Having successfully completed the latest match of her comeback, Jennifer Capriati, the embodiment of a prodigy with problems, was asked to reflect on her adolescence. "Well, I went through a lot of emotions and feelings and a pretty fun, crazy time," she said.
The fun, as we know, was quickly overtaken by disaffection. Capriati was speaking some 10 miles from Coral Gables, where, in May 1994, she was found in possession of marijuana, and which is a short distance from Miami Beach, where she spent time in a drug rehabilitation centre after her arrest.
It is proving difficult for her to live those events down, but she appears to be making a determined effort. "You can't always look back at what you should have done or what would have been better," she said. "You've just got to live in the now."
When the Lipton Championships end here next weekend, Capriati will lose her classification as a teenager (her 20th birthday is on 29 March) and gain a world ranking for the first time in nearly two years.
In order to be placed in the top 100 after her third tournament since returning last month, Capriati must advance to the quarter-finals. She needs to defeat Elena Likhovtseva, ranked No 49, and if successful, may then have to face Amanda Coetzer, the 10th seed. Further progress could lead to a meeting with Gabriela Sabatini, the No 4 seed, in the fourth round.
The first 20 minutes of Capriati's opening match against Lea Ghirardi- Rubbi, a French left-hander ranked No 86, left spectators as cold as the distinctly unseasonal Florida evening. The American lost the first five games, contributing 14 unforced errors to her opponent's confidence and winning only two points on serve.
After performing like a novice, mistiming shots which were either dumped in the net or flew out of bounds, Capriati proceeded to thrill the Stadium Court crowd with powerful, penetrative tennis reminiscent of her advent on the professional tour, when she soared to No 6 in the world. She won 13 of the next 24 games to win 7-5, 6-1.
"I just told myself to stop missing and go for it," Capriati said. "I was a little nervous at first. I haven't been playing in front of a lot of people, and you can't just go right into that like it is nothing. It turned out to be good. I was having a great time out there, especially the way the crowd was supporting me.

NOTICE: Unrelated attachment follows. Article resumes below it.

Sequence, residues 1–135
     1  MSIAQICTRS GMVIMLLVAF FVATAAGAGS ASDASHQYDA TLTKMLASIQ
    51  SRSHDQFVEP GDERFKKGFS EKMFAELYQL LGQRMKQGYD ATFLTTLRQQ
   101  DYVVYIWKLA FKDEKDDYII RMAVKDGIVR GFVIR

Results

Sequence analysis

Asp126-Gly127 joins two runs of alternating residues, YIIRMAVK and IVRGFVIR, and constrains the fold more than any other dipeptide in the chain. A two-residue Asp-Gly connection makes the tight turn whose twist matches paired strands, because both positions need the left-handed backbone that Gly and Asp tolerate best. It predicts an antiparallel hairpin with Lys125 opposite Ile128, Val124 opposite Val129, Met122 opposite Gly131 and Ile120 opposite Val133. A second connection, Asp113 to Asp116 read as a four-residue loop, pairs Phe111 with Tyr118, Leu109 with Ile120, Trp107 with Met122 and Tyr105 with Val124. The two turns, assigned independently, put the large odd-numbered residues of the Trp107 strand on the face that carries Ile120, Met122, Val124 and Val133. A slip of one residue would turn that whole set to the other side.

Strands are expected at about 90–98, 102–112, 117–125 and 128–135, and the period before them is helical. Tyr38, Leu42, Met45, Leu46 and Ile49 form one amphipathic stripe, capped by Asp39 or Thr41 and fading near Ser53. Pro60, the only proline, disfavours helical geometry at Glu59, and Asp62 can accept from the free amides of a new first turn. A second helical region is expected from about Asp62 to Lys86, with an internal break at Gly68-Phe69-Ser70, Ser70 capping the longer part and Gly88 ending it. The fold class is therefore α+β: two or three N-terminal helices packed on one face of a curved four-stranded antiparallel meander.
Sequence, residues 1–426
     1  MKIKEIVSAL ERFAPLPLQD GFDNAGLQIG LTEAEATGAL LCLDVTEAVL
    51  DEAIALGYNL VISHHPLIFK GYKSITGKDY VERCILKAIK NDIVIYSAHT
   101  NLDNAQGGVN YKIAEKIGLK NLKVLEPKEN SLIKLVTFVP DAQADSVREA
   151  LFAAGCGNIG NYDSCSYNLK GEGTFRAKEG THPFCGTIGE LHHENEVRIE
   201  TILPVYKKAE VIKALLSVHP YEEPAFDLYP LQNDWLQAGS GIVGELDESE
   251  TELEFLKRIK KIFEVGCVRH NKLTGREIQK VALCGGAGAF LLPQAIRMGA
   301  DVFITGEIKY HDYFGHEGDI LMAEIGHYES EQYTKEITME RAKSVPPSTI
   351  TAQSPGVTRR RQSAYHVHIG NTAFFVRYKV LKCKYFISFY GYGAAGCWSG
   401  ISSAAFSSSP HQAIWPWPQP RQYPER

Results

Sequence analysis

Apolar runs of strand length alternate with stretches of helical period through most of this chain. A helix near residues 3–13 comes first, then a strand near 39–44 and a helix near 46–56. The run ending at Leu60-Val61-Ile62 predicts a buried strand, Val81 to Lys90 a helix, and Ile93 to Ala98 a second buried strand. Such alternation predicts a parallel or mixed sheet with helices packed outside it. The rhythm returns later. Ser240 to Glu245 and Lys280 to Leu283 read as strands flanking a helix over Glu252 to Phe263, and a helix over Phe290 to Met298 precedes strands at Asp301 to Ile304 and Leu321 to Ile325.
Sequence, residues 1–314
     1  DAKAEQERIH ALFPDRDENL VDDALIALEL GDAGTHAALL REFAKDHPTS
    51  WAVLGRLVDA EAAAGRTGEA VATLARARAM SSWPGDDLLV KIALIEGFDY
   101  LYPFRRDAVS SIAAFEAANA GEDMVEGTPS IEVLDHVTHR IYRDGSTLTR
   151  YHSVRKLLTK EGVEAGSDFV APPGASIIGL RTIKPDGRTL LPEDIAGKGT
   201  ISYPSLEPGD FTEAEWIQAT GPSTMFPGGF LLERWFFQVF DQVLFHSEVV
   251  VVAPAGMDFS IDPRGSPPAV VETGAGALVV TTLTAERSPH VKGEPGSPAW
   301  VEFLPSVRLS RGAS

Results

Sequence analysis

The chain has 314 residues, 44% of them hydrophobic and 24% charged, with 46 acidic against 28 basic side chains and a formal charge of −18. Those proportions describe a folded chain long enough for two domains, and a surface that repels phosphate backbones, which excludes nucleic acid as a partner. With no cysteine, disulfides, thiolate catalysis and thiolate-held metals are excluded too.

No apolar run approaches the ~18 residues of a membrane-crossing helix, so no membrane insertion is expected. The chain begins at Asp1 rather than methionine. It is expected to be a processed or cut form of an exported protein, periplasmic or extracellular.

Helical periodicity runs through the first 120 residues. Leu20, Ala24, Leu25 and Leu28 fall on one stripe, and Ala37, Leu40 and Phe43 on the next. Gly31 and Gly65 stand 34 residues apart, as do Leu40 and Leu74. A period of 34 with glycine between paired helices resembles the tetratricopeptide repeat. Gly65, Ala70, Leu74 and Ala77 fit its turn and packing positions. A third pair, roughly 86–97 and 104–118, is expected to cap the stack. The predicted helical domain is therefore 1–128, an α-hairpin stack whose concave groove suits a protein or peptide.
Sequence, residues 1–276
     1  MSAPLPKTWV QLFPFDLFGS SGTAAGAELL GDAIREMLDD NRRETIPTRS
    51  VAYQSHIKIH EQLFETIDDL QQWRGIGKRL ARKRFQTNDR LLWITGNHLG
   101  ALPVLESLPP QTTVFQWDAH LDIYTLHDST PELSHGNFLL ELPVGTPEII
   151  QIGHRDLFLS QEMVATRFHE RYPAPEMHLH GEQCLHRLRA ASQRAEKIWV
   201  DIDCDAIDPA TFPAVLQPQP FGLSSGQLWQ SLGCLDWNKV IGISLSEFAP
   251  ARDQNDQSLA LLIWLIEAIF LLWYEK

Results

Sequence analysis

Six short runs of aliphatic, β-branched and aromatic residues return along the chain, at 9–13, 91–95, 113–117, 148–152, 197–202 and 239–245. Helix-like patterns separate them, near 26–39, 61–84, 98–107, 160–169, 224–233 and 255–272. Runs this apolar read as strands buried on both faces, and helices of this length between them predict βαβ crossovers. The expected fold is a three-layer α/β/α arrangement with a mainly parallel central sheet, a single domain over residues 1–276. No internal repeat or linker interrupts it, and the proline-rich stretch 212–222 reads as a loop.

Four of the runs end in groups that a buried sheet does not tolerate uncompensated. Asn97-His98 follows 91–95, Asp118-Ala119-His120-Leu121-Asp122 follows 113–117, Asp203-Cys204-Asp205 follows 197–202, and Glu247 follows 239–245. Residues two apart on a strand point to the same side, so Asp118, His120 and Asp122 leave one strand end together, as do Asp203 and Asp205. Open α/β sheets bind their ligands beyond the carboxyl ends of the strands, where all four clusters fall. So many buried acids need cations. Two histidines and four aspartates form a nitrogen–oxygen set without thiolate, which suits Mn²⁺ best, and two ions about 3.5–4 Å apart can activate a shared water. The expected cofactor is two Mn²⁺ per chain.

"I never thought I was done with tennis. I knew that it was inside me and it is what I do best. There is nothing like ripping a backhand down the line."
There was a shock yesterday for Martina Hingis, the 15-year-old Swiss, seeded No 11, who lost 5-7, 6-1, 6-3 in her opening match by Nana Miyagi, a Japanese lucky loser from the qualifying.
In the men's singles, Britain's Tim Henman advanced to a second-round meeting with Sergi Bruguera, the 10th-seeded former French Open champion, with a 6-2, 6-1 win over Steve Campbell, an American ranked 80 places below him, at No 138.
Greg Rusedski also advanced to the second round with a 6-4, 7-6 win against Justin Gimelstrob, a wild card from New Jersey, ranked No 293. Rusedski now meets Sweden's Jonas Bjorkman, who is 10 places above him at No 35.
Boris Becker, the No 5 seed, withdrew from the tournament because of a respiratory infection which has troubled him for the past month. His place in the draw was taken by Thomas Nydahl, of Sweden, a "lucky loser" from the qualifying.
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